Every Time Is Different, But This Time Is Not
So why is it that many clients balk at rebalancing and some even panic? It’s the narratives flying around everywhere, including in their own heads. The thinking goes, “Sure, every time in the past, markets have recovered but” (here it comes) “this time is different.”

The corona-crash was different. Technically, every time is different. The way the tech bubble and bust played out was historically unique in many ways. The 2008 financial crisis was unprecedented. The havoc wreaked by Covid bore little resemblance to the way the swine flu, Ebola, bird flu or Covid’s cousin SARS affected the world.

I was genuinely surprised at the speed of the recovery but I was not at all surprised that it recovered, and did so before my clients would need to make any adjustments to their plans. Not surprised one bit.

Take Command Of Your News Intake
The legitimate journalists of the world are in the business of bringing things to our attention that are new and noteworthy. They tell the story using facts and differing viewpoints. Unfortunately, as we have all seen, there’s a lot of news that has an agenda or is erroneous.

This has always been an issue, but the number of outlets competing for our attention and the provocative tactics they use to get it have created an environment in which very smart people can think and do very dumb things.

I live on Florida’s Space Coast. The area is crawling with rocket scientists. For nearly 30 years, I have assumed everyone in my meetings is smarter than I am. Yet so many people I talk to have gone from wanting to keep their assets working for them for the rest of their lives to obsessing about what an account statement might say next month. They have gone from focusing on what they can control to worrying about things they cannot, like what a political figure might say or do.

There has in fact been plenty of disturbing news these past 12 months, from Covid to protests to the election and the raid on the U.S. Capitol. More bad news will come. That’s life. People have every right to be disturbed by these things. I am too. It is easy to see them as obstacles that cannot be managed or overcome and represent a clear and present danger to markets.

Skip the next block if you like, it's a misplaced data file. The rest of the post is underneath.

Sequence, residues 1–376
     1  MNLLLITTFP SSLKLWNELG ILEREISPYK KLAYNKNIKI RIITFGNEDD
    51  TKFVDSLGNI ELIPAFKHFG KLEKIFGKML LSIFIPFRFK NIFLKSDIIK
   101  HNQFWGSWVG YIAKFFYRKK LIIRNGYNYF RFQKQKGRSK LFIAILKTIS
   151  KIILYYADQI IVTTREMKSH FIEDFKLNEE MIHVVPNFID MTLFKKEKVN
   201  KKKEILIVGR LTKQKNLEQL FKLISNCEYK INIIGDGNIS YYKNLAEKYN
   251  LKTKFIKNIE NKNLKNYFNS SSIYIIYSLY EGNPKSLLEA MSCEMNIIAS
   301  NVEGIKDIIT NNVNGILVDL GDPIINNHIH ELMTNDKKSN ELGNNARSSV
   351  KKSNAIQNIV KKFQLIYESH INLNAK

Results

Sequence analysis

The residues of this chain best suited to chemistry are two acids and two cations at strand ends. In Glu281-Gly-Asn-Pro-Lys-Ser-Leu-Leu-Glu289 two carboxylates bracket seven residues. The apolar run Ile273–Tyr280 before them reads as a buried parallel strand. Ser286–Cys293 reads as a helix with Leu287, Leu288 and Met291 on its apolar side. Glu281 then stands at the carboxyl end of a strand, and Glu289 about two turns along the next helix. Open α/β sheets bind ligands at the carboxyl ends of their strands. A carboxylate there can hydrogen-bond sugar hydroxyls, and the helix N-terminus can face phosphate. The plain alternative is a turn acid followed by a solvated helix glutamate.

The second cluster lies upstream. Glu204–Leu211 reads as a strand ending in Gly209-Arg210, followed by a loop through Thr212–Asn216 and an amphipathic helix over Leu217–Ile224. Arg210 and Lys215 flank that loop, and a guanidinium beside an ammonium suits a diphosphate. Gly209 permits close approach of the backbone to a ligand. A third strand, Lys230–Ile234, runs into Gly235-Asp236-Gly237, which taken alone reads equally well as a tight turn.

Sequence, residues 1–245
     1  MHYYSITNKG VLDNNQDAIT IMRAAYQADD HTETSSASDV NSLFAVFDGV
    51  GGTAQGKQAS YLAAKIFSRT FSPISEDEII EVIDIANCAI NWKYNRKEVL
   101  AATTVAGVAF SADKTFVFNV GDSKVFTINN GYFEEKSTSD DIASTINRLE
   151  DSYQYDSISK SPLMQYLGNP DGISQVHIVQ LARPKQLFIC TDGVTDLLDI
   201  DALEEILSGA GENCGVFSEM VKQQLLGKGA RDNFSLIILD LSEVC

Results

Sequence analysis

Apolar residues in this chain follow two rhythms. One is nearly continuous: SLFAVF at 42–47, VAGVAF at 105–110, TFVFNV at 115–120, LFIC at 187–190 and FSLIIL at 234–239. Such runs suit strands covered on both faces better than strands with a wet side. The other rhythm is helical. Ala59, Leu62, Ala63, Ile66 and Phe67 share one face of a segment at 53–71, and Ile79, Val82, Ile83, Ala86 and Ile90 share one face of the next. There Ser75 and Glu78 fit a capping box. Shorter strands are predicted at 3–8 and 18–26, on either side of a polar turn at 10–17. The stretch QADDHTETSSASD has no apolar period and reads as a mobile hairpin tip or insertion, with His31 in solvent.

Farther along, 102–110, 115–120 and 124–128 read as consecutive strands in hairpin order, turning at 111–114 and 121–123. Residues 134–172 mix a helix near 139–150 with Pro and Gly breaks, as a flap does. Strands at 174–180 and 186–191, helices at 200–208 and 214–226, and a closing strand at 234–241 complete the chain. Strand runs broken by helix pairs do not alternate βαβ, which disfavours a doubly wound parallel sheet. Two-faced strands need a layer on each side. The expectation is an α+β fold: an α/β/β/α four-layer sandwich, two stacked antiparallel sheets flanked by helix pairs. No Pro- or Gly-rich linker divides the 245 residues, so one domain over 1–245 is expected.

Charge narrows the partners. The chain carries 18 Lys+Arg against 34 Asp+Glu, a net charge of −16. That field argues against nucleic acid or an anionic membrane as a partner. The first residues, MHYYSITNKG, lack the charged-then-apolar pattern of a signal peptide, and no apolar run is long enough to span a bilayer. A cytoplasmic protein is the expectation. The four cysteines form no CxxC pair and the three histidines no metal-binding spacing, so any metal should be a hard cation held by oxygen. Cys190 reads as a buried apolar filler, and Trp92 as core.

But it’s a mistake for prudent investors to throw out the long-term perspective that’s offered them such a spectacular record of success just because they’re listening to the news of the day and suddenly want to adopt the short time frame of speculators. The results are likely to be less than ideal.

We’ve done well preventing that mistake by getting clients to see that their news intake is one of those controllable items. It takes some coaching, but they can learn to be picky about what news they listen to, when they digest it and, most important, what they do with it when it’s disturbing.

Planning Is Key
In every period of turmoil there are some who don’t learn the lessons. I am optimistic that some of our own clients who didn’t quite understand the timelessness aspect of investing before will understand it now.

The past year was a wild and stressful ride. So stressful that a lot of people are looking to adopt a less news-centric existence and approach to the markets. That’s great. Being a long-term investor is not easy. But being a speculator is even harder and more stressful.

But the speculation impulse always returns. It’s been 20 years since the day-trading craze ended—with poor results for those who dabbled in it. Is a new generation about to gamble away their assets by trading securities or crypto or by looking for the next GameStop squeeze?

Our clients’ portfolios were created, by contrast, through the financial planning process. That made it easier for them to know what to do in the face of turmoil. Having seen the process work yet again, they are better prepared for the next time. At least until they start thinking that the next time will be different, of course.       

Dan Moisand, CFP, practices in Melbourne, Fla. You can reach him at [email protected].

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